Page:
Finally, let us finish with another important
haematological disease although not a malignant
disorder. This is aplastic anaemia. This is
a rare condition, but it is characterized
by low blood counts due to the fact that there
is a reduction in the cellularity of the bone marrow.
Just look at that slide on the right. That is a bone
marrow biopsy, a trephine biopsy
of the bone marrow and you can see there are
too many holes in that, too many fat cells
not enough haemopoiesis. Now, why would this
arise? Well in adults, it probably arises.
We think because the immune system is somehow
damaging the stem cells within the bone marrow
and reducing their numbers. Just to get all
terms correct, bone marrow may be actually
hypoplastic that means a reduced cellularity
or completely aplastic empty. Out of interest
that slide on the right, I would call hypoplastic
and you can see there is still some haemopoiesis
there but is reduced from what normally it
would be. Let us think about why aplastic
anaemia may arise. Now occasionally we see
this in children and this usually arises because
of inherited abnormalities that they have got
due to damaged genes in their mother or father.
Fanconi anaemia is one of the most common
of these collectively rare disorders
and you will see on the top right some of
the skeletal abnormalities in the digits which
you can see in Fanconi anaemia and below that
some of the. . . skin pigmentation which you
may also see here. But in adults, aplastic
anaemia usually arises out of the blue and
we call idiopathic. No obvious reason why.
Although it may occasionally follow episodes
of hepatitis or an unusual reaction to drug
therapy. We make the diagnosis by doing that
all important bone marrow trephine which shows
the empty bone marrow lacking in stem cells.
Then what can we do about it? The treatment has
two major components. One is supportive therapy.
We keep the patient alive despite the fact
that bone marrow is not working properly.
We can transfuse red cells. We can transfuse
platelets. Neutrophils are more challenging
and we do not usually do that and we tried to control
infection with antibodies and antifungal agents.
The specific treatment aims to reverse the
process of aplasia and start the bone
marrow being produced again and here we tend
to use immune suppression with the drug as
called anti-lymphocyte globulin. This is an
unusual product in which human lymphocytes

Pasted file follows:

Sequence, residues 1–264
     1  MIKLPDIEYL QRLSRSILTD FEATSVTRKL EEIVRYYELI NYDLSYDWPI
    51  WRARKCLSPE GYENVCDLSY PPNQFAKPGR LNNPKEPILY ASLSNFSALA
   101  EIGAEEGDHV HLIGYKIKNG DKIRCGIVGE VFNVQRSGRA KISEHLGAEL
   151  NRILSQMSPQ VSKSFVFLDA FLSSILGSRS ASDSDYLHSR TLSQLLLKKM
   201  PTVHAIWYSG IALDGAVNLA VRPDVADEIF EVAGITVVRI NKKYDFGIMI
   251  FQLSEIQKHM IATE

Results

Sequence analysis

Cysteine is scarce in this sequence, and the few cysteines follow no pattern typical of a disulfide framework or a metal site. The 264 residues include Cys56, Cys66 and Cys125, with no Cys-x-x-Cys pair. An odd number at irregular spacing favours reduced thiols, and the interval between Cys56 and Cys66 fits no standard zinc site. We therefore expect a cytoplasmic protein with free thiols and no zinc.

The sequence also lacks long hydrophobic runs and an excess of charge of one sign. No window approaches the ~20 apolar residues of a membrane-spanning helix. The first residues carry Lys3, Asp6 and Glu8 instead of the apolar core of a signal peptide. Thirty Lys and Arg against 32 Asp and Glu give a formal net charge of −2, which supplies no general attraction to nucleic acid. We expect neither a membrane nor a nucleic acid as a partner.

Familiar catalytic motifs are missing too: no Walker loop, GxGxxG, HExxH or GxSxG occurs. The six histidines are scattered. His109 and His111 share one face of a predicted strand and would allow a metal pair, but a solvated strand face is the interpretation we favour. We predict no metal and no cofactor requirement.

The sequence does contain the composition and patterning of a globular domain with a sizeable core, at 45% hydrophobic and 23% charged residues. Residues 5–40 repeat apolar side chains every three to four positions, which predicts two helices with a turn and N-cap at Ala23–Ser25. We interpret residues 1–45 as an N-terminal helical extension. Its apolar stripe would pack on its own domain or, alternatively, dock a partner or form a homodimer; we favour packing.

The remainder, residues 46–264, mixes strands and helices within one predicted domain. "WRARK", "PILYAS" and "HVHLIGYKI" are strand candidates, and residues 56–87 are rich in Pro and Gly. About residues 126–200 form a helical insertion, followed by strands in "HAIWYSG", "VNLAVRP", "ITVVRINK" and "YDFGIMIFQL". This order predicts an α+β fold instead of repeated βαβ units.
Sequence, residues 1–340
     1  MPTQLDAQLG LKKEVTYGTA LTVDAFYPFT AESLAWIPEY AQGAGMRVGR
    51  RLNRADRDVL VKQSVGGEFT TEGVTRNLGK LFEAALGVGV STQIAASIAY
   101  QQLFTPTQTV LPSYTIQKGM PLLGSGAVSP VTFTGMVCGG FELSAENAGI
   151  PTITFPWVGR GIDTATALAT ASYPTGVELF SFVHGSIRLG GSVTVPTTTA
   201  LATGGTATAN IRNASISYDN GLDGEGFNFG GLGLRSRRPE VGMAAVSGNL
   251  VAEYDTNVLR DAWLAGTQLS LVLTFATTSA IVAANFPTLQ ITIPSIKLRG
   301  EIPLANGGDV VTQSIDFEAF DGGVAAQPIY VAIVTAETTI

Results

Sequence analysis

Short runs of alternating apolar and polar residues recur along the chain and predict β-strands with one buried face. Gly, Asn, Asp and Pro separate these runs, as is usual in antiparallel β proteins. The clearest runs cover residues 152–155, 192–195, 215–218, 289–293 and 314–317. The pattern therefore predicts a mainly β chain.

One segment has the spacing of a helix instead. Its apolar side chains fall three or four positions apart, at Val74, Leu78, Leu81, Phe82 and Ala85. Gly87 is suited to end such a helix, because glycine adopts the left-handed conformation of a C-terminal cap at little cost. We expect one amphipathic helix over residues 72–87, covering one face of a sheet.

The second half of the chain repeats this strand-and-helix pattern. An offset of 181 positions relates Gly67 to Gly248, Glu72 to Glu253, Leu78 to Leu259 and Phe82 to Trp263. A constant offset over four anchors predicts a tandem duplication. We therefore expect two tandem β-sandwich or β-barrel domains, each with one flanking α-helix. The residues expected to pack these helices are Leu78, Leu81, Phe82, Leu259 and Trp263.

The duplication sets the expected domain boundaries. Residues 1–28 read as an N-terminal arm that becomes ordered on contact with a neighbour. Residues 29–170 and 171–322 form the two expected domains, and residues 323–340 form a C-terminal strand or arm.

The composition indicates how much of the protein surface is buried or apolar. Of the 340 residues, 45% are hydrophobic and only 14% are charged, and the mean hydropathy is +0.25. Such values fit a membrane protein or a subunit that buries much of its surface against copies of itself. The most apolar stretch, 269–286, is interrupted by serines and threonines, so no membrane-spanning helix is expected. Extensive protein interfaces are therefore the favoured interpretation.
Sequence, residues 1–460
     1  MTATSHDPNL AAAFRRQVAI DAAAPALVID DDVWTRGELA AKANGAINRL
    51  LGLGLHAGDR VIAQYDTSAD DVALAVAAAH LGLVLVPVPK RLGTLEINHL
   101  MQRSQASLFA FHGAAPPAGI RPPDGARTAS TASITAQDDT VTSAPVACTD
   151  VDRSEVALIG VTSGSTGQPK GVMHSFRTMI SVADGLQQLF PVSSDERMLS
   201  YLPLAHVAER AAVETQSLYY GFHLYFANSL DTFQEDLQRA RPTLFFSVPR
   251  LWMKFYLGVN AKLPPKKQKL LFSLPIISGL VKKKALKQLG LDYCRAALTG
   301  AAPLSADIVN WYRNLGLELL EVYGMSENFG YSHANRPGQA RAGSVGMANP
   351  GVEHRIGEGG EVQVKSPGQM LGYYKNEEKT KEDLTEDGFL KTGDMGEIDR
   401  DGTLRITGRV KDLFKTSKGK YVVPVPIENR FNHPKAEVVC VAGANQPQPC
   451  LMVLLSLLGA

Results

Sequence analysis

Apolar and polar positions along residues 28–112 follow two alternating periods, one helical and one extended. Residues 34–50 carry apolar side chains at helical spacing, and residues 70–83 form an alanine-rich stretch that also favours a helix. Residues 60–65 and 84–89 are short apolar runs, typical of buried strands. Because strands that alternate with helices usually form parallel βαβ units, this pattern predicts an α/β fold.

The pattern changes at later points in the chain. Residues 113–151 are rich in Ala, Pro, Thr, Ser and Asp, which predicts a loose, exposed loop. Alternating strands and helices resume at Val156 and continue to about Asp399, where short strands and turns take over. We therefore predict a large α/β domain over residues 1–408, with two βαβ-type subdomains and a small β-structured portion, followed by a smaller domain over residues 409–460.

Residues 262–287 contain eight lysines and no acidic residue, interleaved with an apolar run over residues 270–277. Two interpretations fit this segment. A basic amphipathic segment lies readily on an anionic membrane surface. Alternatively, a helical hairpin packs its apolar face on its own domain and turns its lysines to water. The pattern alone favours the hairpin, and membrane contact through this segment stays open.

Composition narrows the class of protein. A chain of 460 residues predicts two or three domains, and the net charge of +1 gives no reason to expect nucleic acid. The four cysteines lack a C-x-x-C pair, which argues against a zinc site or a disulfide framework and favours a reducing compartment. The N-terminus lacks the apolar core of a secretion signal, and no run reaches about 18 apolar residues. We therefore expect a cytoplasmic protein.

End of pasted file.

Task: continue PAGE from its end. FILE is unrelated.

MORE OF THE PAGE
are injected into an animal perhaps the a
or rabbit even and those animals will make
antibodies against the human lymphocytes,
which we can purify and give to patients and
you can imagine that reduces the lymphocytes
in the patient and is quite an immune suppressive
therapy. It has been proven to be pretty highly
effective in patients with aplastic anaemia.
We often combine this a drug called cyclosporin.
That is an immune suppression drug as well
and is often used in people who had a kidney transplant
to reduce organ rejection. In patients with
moderate disease that would be the approach,
she would take if they have a very severe
aplastic anaemia with very low blood counts.
You may also think of a bone marrow transplant
and allogeneic bone marrow transplant from
another person and that can be highly effective
in people with severe disease. So In summary, what
we have seen in this lecture
is that a wide variety of disorders may develop
within the haemopoietic system. Myelodysplasia
results from a wide range of mutations that
damage the ability of haemopoietic stem cells
to produce functional and effective blood
cells. The myeloproliferative disease has
a well-defined genetic basis and leads to
overactive bone marrow often with clinical
splenomegaly. A myeloma is a malignant disease
of plasma cells leads to bone damage and a
paraprotein, which itself can cause a range
of clinical problems. Finally, aplastic anaemia
is a rare, but serious condition that may
result from stem cell failure perhaps as a
result of an inherited abnormality or from
Thanks for watching this lecture on hemopoietic malignancy.